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Britain’s Spiders

Thoroughly recommended!

By W Lawrence Bee, Geoff Oxford & Helen Smith | WildGuides | Paperback | May 2017 | 480 Pages | 700 Colour Photographs, illustrations & distribution maps | ISBN: 9780691165295

Spiders
Britain's Spiders

The Publisher’s View:

Britain's Spiders is a photographic guide to all 37 of the British families, focussing on spiders that can be identified in the field. Illustrated with a remarkable collection of photographs, it is designed to be accessible to a wide audience, including those new to spider identification. Britain's Spiders pushes the boundaries of field identification for this challenging group by combining information on features that can be seen with the naked eye or a hand lens with additional evidence from webs, egg-sacs, behaviour, phenology, habitats and distributions. Individual accounts cover 395 of Britain's approximately 670 species, with the limitations to field identification clearly explained.As the first photographic field guide to British spiders to be published since 1989, Britain's Spiders fills a major gap in the resources available to everyone with an interest in this fascinating, diverse and important group of animals.*

More than 700 stunning photographs:

* Includes a guide to spider families, based on features recognisable in the field, focussing on body shape and other characteristics, as well as separate guides to webs and egg-sacs

* Detailed accounts highlight key identification tips for each genus and species, and include information on status, behaviour and habitats

* Features up-to-date distribution maps, and charts showing adult seasonality

* Introductory chapters explore the biology of spiders, and where, when and how to find them, including equipment needed in the field

* Contains a complete list of the spiders recorded in Britain, indicating the ease of identification as well as rarity and conservation status

* Provides information on how to record spiders and make your records count, and guidance on how to take your interest further.

The Authors:

Lawrence Bee is an ecological consultant and educator and the author of the Field Studies Council's Guide to House and Garden Spiders. 

Geoff Oxford is a biologist at the University of York and an authority on both colour variation and speciation in spiders. 

Helen Smith is a conservation biologist and currently leads the conservation programme for the endangered Fen Raft Spider.

Fatbirder View: What I know about spiders could probably be written on the back of a middle-sized one. I know my better half has a complete phobia… notwithstanding her commitment to conservation of all kinds she would still prefer a world in which arachnids did not exist. Having been bitten by an arachnid, a scorpion that crept into our bed in Greece, she can attest to the extreme pain a sting can bring. What else do I know… well, my shed is full of Steartoda nobilis, the noble false widow, and I steer clear of them as I do wasps and for the same reason, although wasps are far more likely to sting than a spider is likely to bite.Of course, ‘she who must be obeyed’ is quite wrong in imagining a better world free of spiders… it would be one packed with a huge range of disease carrying insects; spiders have been keeping them culled for millions of years. I wish I could go from a dislike to a love of spiders but even this fascinating book isn’t going to do it. I don’t go out of my way to despatch them and can watch them go about their lives in the garden, but, like most of humanity I would prefer not to encounter them in my home. They are welcome to the wall cavities and under the floorboards, but I would rather they did not chase across my carpet on an October evening.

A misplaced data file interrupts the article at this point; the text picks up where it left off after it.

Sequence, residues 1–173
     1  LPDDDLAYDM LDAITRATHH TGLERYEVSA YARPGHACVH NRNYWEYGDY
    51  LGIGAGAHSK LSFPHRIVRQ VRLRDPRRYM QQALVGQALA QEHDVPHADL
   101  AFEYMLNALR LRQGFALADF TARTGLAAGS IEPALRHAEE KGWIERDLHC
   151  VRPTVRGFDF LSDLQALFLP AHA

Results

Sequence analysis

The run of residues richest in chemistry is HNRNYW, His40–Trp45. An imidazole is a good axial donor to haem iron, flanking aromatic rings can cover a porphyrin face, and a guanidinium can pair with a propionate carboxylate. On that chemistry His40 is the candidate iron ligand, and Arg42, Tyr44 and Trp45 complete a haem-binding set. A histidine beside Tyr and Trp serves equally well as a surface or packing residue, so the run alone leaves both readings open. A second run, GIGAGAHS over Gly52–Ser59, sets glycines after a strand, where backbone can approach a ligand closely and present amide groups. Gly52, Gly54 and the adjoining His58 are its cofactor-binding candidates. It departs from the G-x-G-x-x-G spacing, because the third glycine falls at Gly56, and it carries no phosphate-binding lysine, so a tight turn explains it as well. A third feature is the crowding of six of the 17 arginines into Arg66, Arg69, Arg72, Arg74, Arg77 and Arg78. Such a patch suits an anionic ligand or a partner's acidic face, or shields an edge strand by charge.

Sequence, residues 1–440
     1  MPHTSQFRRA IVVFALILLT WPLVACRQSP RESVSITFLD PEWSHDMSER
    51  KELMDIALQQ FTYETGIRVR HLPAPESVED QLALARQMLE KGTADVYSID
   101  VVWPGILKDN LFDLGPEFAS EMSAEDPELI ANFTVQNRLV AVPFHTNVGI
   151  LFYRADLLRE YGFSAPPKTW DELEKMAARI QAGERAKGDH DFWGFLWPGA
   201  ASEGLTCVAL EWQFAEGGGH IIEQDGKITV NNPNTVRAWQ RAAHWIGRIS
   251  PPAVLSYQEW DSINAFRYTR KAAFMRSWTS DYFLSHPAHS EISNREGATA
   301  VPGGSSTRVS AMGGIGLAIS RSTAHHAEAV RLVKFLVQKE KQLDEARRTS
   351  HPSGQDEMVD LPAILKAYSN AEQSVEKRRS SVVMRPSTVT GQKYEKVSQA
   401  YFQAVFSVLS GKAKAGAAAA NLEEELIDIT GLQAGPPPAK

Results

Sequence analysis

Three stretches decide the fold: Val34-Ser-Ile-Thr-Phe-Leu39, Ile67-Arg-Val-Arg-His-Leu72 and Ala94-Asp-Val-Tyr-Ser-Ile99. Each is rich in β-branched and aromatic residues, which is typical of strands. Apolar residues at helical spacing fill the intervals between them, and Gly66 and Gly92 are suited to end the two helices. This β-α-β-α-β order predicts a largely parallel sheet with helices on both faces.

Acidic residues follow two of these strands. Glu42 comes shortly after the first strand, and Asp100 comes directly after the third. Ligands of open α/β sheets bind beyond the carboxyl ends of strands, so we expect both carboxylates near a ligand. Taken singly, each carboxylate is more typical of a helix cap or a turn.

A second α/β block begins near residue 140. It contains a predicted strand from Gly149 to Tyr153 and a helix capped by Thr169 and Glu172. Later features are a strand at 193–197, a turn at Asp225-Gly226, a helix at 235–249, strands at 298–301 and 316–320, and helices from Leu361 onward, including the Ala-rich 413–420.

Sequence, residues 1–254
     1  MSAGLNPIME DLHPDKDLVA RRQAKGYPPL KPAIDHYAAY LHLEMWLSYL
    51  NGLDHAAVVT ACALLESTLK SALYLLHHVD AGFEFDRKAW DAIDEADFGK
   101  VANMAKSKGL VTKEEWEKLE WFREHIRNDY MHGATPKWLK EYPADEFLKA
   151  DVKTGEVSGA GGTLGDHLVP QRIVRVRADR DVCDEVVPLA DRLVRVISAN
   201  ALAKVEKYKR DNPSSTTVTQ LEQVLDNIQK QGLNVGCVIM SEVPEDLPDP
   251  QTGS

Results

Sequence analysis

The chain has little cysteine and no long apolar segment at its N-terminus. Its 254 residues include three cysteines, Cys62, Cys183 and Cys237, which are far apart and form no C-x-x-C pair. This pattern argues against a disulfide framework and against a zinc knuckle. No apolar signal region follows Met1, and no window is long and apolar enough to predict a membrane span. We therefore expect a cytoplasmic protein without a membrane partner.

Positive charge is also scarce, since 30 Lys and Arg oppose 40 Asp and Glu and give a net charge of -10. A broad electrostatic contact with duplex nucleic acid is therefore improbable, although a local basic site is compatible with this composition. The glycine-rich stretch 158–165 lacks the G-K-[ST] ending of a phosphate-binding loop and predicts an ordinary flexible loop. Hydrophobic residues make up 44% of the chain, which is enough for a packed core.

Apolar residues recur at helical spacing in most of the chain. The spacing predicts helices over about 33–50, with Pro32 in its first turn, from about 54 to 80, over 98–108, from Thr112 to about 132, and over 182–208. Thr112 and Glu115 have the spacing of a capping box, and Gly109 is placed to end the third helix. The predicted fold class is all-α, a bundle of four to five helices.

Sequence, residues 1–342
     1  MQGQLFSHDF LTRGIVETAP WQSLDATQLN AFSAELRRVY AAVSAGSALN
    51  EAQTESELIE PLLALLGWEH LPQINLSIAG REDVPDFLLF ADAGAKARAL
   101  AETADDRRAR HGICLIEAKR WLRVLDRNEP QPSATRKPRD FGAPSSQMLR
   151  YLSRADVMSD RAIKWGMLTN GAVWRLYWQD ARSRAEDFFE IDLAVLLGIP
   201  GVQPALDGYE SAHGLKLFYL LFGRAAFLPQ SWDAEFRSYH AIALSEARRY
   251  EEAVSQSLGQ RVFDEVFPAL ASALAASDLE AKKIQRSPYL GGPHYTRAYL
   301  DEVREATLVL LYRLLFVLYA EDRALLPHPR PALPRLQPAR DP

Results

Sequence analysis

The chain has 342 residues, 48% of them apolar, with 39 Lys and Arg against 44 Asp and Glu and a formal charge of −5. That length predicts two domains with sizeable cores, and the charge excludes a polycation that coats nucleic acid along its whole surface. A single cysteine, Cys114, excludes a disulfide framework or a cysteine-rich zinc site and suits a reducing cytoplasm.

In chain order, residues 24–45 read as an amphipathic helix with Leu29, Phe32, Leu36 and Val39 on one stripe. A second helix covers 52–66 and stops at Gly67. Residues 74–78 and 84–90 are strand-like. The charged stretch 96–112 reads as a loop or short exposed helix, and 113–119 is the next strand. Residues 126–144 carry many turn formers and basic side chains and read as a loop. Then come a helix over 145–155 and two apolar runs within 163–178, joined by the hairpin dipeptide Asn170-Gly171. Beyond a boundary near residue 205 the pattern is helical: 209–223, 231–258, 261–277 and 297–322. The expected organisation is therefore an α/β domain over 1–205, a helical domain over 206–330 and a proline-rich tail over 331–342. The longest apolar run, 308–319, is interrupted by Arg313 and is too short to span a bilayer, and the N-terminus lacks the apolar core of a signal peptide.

Their lives are fascinating and their diversity amazing and even in our relatively cold climate has a vast range of species. Arachnologists have many times more chance of discovering a new species as ornithologists; birds number some 10,000 or so, spider species number in millions.

Like other species they are grouped and share features so that to us amateur naturalist ID is possible, although I find it tricky. So, this guide is going to bridge the gap. I may have to ‘collect’ so live garden spiders to quiz them with the book open on my desk as it is slightly too large to hold open with one hand whilst leaning over a bush peering into the centre of a web. One has to be a bit cleverer than with Bird ID, which on a fairly cursory glance is pretty clear; with spiders the differences are mostly pretty subtle.

However, I found reading the material on a species page really helped narrow the possibilities using the same criteria one might for any other taxa, like habitat, prey, distribution and so on. I am very pleased this group has been covered by the WildGuide series, they still have pride of place where I can grab them from the shelves to use to put a name to the critters I encounter. Thoroughly recommended!

Buy this book from NHBS

Fatbirder

4th June 2017